In the field of disaster response planning, a relevant achievement during the reporting period was the holding of a practical workshop to define contingency plans for the 2003 hurricane season. A total of 22 National Societies attended this workshop, illustrating a significant development in efforts to narrow the gap between the Societies of Central America and the Caribbean, traditionally set apart by historical and cultural differences and linguistic barriers. The National Red Cross Societies of the following countries attended the meeting: Antigua and Barbuda, the Bahamas, Belize, British Virgin Islands, Cayman Islands, Cuba, Dominica, Dominican Republic, El Salvador, Haiti, Honduras, Jamaica, Saint Kitts and Nevis, Saint Lucia, Mexico, Nicaragua, Saint Maarten andTurks and Caicos. Representatives of the American, British, Canadian and Spanish Red Cross Societies were also among the participants. Another very positive outc ome of this workshop was the active participation of external organizations, including UNICEF, PAHO, the UN Office for the Coordination of Humanitarian Affairs (OCHA), ECHO, the Association of Caribbean States, Ericsson and OXFAM. These organizations clearly demonstrated their interest to support and become more actively involved with the Red Cross disaster response network and discussed ways to improve inter-agency coordination mechanisms in disasters to work more effectively together . Finally, during the same week, the Regional Logistics Unit had the opportunity to review together with the American, British and Canadian Red Cross Societies the logistics strategy for the Americas and seek ways to strengthen and consolidate the Logistics Technical Committee, comprising members from the Colombian, German, Mexican and Spanish Red Cross Societies in addition to the three mentioned above.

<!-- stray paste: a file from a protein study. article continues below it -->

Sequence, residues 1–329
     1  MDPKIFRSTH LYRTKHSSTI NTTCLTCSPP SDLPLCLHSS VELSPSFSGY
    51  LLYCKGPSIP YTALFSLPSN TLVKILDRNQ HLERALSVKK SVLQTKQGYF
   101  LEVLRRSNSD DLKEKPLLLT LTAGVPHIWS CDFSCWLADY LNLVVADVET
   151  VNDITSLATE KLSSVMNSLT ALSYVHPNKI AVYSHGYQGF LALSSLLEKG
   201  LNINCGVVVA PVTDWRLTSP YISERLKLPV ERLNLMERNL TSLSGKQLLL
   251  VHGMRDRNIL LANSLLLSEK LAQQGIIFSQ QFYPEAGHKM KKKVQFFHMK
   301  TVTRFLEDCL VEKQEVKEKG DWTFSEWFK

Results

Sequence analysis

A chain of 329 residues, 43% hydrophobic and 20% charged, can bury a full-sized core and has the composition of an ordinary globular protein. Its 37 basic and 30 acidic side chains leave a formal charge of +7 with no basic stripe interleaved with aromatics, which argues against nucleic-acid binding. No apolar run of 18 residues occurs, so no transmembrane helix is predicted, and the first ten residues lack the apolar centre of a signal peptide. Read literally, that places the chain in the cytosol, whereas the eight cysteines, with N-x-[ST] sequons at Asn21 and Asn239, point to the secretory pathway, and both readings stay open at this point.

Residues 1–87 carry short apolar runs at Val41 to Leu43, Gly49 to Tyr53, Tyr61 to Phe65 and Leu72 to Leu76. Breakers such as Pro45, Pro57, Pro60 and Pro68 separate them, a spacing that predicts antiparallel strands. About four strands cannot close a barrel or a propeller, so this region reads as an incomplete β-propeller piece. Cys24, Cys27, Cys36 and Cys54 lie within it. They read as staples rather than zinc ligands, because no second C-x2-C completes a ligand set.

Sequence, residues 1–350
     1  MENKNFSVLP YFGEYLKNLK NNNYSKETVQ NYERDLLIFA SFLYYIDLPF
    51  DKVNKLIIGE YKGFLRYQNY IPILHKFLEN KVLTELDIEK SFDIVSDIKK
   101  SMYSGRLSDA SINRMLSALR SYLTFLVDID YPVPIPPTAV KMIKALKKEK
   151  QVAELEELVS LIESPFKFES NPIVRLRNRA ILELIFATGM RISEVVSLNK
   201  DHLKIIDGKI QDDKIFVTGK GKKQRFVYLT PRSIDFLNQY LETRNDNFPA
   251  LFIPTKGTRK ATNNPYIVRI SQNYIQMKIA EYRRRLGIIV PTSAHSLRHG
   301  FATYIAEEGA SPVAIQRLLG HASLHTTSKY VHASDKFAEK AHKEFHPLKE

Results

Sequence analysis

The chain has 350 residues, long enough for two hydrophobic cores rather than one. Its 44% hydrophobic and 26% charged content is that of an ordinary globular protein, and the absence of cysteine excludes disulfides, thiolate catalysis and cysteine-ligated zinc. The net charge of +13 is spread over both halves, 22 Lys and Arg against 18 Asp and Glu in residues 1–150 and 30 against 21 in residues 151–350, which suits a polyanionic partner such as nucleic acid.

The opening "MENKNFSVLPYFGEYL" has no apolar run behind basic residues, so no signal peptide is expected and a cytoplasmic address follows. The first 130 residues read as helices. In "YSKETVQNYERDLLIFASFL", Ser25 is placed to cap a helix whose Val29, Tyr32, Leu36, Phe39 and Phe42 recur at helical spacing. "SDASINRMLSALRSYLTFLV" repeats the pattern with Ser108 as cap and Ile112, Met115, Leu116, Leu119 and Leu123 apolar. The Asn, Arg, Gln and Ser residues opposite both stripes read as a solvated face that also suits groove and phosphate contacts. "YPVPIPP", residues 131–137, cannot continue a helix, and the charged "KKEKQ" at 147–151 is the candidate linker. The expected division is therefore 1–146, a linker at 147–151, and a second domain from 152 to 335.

Information and Telecommunications System:

As a result of the official launch of the Ericsson Response Programme in March 2003, a planning meeting was held between Ericsson and PADRU in August to initiate telecommunications -related ac tivities in Cuba, Costa Rica and the Dominican Republic. These activities include the training of Ericsson response volunteers in disaster management and the positioning of cellular telephone equipment in the three countries. In September, two follow up meetings were held between Ericsson Response, the Colombian Red Cross and the Cuban Red Cross Society. These meetings set the tone for discussions on how Ericsson and these Societies can work together in the future, in the framework of the global cooperation agreement signed between Ericsson and the Federation Secretariat in order to offer solutions in commun ications during disasters. The negotiations will ensure that National Societies are also able to benefit directly from this key partnership.